Sunday, September 15, 2013
Prince Vittorio Emanuele, Count of Turin
During this battle, unfamiliarity with the terrain and misinformation provided by guides in the pay of the enemy, led a small Italian colonial column of 18,000 troops (mostly African natives with Italian officers) to become separated and then attacked piecemeal and overwhelmed by a massive Ethiopian army of well over 100,000. In the aftermath, many of the survivors on the Italian side were massacred and/or tortured and mutilated. Those who were taken prisoner were not released at the close of hostilities but held for ransom (which was paid secretly by King Umberto I of Italy to the Ethiopian Emperor). It horrified public opinion in Italy and brought down the government of the long-time political powerhouse Francesco Crispi (a proud and ambitious veteran of “The Thousand”). Now, enter Prince Henri of Orleans. Throughout his life Prince Henri had proven himself to be a bold and intrepid traveler as well as a condescending man. He was most known for being an inveterate Anglophobe, writing and uttering many a diatribe insulting and condemning Great Britain in the harshest terms. Yet, oddly enough, the British seemed to celebrate him in spite of that. He would learn that Italians responded quite differently to being insulted.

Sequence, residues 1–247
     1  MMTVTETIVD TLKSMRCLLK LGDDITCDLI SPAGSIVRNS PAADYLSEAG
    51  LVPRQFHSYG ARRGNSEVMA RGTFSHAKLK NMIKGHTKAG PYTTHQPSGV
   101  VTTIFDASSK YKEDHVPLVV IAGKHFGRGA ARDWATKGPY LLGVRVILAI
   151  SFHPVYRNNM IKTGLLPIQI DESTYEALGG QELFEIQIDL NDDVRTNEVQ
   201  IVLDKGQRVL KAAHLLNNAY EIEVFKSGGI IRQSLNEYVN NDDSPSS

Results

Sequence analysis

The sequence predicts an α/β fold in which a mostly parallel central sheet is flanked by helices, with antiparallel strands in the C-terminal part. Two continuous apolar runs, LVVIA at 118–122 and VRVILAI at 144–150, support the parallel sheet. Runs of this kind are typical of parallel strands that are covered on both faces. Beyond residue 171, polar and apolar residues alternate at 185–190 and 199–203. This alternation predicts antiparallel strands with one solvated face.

The time and place were decided; August 15, 1897 in Vaucresson at Versailles. The weapon chosen was the sword since, even though the French preferred to duel with pistols, the Italians felt this unworthy of princes deciding a matter of honor. In Italy, pistols were used by cuckolded husbands while nobles and the high born settled differences with the saber. So, at five o’clock in the morning, it began with the duel being supervised by Count Leontieff and Count Avogadro in the Bois de Marchechaux. The two had at each other and after five reprises the Count of Turin was victorious, inflicting a wound on Prince Henri’s abdomen that the doctors of both parties deemed serious enough to put the Prince at a disadvantage and so the match was awarded to the Count of Turin. All of Europe was rather enthralled by this showdown that seemed like a throwback to centuries past. In Italy, however, the Count of Turin became a national hero instantly and was celebrated across the country for his victory and for standing up for Italian honor. When he returned to his homeland he was met in Turin by King Umberto I who said, “I want to be the first to congratulate you with all my heart on the example you set and the success you scored.”